Lives on the Line – Part 1

Lives on the Line – Part 1

See the lyric video here:

He was covered in tattoos. His face was gaunt, worn and appeared older than his age. His clothing was tatty and an odour hung about him like flies in an Australian summer. He told me stories of poverty, drug use and hunger, yet he was cheerful and a sense of humour was evident. An air of aggression hung about him, as though he carried with him a history of using force to secure whatever he wanted. Yet I did not feel unsafe around him. He seemed happy just to speak, to tell his story to a willing listener. He spoke as though no-one had taken an interest in him before, and eagerly shared his life story.

She bore the air of one living from hour to hour. She wore a short dress and boots, likely purchased from one of the clearance stores in the middle of town. She had long hair tied back and a careworn face, aged before her time. When she spoke, she revealed several missing teeth, probably a testament to long-term methadone use. She told me stories of abuse and violence, perpetrated by the man she loved. She told me of the heartache of having her kids removed by the state, and of not knowing anything of their whereabouts or wellbeing. As she left me, she described the man she was about to meet and the pity she felt for men of his age and insecurity. She described how she planned to soothe all his self-consciousness away, and what he would pay her to do so. She left me to go and meet this man on the main highway.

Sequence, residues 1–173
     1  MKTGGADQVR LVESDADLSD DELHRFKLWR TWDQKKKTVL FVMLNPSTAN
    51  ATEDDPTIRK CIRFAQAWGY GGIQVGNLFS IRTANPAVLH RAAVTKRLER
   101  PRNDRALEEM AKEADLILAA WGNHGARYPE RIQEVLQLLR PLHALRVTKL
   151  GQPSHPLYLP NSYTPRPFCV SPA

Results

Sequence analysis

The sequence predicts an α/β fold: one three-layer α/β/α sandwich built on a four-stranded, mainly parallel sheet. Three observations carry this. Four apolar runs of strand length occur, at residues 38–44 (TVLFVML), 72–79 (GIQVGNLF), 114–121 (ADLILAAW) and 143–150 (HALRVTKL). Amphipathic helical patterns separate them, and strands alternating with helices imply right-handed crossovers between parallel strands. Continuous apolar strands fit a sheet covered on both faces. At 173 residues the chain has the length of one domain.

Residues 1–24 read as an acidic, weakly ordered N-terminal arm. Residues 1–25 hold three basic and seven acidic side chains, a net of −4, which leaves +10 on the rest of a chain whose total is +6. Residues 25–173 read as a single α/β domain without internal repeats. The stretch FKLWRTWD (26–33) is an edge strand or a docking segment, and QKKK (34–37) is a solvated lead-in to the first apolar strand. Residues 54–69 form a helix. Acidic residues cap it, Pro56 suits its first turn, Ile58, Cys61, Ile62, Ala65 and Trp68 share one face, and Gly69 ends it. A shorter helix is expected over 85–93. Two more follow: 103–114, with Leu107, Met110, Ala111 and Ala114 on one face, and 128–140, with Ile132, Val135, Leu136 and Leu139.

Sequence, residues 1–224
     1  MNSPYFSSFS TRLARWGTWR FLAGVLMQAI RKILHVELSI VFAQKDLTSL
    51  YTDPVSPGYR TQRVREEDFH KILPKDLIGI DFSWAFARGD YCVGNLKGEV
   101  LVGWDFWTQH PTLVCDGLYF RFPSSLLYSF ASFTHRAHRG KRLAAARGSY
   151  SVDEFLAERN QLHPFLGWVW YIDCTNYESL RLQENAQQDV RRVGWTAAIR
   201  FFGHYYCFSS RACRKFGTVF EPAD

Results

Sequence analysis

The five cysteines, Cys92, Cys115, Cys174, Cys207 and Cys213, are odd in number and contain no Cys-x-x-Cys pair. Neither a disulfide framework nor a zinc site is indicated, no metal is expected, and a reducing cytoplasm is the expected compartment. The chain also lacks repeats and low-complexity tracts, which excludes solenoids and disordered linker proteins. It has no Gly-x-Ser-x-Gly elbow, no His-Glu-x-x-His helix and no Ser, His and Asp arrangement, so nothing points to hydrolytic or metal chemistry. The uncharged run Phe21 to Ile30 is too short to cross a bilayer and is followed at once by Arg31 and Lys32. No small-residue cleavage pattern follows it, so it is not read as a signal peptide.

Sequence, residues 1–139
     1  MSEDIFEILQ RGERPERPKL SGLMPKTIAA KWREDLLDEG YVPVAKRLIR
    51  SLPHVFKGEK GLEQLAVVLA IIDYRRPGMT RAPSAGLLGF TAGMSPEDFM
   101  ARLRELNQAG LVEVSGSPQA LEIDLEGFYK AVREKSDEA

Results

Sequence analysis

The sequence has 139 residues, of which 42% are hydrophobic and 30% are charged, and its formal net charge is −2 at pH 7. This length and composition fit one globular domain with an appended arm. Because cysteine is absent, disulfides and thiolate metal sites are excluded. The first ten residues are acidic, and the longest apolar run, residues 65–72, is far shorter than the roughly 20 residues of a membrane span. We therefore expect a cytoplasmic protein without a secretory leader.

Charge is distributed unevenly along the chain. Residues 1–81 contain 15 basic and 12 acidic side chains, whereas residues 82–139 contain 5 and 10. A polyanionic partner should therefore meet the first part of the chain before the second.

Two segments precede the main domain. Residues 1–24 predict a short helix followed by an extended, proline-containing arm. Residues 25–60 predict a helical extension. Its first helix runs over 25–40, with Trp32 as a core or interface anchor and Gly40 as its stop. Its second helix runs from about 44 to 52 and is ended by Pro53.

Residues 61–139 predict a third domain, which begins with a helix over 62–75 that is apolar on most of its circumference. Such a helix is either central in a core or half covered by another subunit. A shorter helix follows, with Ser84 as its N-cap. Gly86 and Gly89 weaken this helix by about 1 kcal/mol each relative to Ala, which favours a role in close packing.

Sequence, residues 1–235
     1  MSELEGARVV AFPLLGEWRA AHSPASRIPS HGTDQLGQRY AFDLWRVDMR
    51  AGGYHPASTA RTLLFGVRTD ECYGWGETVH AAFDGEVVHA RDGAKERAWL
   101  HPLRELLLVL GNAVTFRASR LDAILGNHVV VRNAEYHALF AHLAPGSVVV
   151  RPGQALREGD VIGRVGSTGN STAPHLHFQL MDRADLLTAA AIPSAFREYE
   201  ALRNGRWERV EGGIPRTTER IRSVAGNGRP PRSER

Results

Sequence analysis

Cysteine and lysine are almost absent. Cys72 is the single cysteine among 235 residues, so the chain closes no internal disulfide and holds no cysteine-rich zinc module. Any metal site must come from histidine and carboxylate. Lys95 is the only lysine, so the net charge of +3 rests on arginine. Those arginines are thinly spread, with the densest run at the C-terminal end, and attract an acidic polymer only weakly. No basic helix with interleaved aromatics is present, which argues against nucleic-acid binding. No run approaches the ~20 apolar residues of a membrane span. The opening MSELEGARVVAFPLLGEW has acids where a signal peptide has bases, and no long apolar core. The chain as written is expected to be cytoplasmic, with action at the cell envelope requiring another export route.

I met both of these individuals on the same day. It was an ordinary work day for me, made memorable by these two individuals. Their poverty and openness struck me, and I could not get their stories or their faces out of my head. So taken was I with their honesty and tragedy, I could not help but write their stories down.

The result was this song, Lives on the Line. I wanted to share their stories with you, but more than that, I wanted to challenge the sheltered lives that many of us lead. As Christians, we can become accustomed to associating only with those who are too much like ourselves. We become insular and, that most subtle of sins, safe. Reaching out to others becomes risky, especially when they are markedly different to us.

Yet it does not take much to break down these barriers between us. My act of listening was simple enough, and took little time and effort. It just required a leap of faith: a trust that God will bless whatever I give to this person, and will keep me safe in the process. Of course, “safe” does not preclude harm, but indicates that wherever I go, I am in God’s firm grip and no person or power can alter that.

The exhortation of this song is that we would take simple steps of faith, open our eyes to see the need around us, and take action in meeting that need. We cannot meet all the need in the world, but we might help one person with one need at one particular point in time. Let us take our cue from Christ, who really did lay His life on the line for the sake of people in need.

May this song challenge you as much as it has challenged me.

Next time: Lives on the Line – Part 2: my day with the homeless.

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